The women who stay by your side to the end


UK – The death doulas: they are not medical experts, but they work alongside NHS staff in hospices or the community to help patients take control over their final days

In the upstairs room of Blighty Coffee in north London, two women greet their guests as they file in with cups of tea or glasses of wine. On each table are menus, with delicate morsels of suggested topics for the evening ahead. “What things make for a good death?” reads one. “Can you prepare for death and dying?” says another.

She and her colleague, Liz Wong, are among a tiny but growing number of people in Britain trained as end-of-life or death doulas, a concept akin to traditional childbirth doulas but at a very different time of life.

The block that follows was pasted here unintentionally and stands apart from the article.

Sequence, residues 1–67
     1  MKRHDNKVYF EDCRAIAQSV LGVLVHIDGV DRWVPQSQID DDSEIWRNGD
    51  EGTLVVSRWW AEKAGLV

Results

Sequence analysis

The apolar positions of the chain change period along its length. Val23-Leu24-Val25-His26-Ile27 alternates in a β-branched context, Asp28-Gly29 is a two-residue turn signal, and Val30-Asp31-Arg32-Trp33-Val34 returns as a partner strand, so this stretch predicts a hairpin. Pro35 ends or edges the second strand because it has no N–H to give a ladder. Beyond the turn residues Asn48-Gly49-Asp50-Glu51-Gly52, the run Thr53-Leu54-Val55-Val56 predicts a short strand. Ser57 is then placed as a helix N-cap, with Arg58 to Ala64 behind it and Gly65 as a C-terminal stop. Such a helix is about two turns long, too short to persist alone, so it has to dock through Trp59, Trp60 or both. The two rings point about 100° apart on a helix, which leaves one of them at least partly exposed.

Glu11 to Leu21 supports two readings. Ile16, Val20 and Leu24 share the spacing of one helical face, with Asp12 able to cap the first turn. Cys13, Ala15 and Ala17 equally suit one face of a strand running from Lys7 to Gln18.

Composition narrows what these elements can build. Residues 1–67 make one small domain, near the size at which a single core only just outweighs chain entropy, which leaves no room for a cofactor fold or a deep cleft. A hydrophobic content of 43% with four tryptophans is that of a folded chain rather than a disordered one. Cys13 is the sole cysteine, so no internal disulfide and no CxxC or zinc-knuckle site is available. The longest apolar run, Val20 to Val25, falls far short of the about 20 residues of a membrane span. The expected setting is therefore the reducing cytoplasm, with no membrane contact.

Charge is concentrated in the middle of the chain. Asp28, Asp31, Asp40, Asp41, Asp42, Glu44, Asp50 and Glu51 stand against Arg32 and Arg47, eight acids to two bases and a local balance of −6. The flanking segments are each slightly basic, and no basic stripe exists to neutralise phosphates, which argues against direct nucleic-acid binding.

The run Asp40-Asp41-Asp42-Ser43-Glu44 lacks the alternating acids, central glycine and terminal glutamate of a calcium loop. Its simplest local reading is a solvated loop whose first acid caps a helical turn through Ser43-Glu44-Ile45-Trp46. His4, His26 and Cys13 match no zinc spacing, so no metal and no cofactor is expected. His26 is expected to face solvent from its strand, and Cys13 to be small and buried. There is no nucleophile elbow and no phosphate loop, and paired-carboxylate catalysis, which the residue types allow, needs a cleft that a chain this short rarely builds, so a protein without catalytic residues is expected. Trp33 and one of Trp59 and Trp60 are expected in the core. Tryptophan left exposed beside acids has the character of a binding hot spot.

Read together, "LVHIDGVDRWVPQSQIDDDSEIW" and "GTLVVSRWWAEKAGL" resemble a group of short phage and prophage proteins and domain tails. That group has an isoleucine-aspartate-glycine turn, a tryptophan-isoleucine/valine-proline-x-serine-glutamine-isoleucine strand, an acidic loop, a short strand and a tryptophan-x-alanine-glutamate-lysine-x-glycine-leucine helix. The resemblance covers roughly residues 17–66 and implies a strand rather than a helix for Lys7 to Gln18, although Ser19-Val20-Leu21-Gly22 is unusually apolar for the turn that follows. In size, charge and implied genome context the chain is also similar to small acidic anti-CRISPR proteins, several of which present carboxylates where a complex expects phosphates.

There are at least 100 end-of-life doulas in Britain, according to Living Well Dying Well (LWDW), an East Sussex-based organisation that trains doulas and has organised the London death cafe’s fifth such event. They are not medical experts, but often work alongside NHS professionals in hospices or in the community to help the dying and their families live their last days as meaningfully and with as much control as possible.

Read the rest of the article, by Karen McVeigh, on the Guardian website.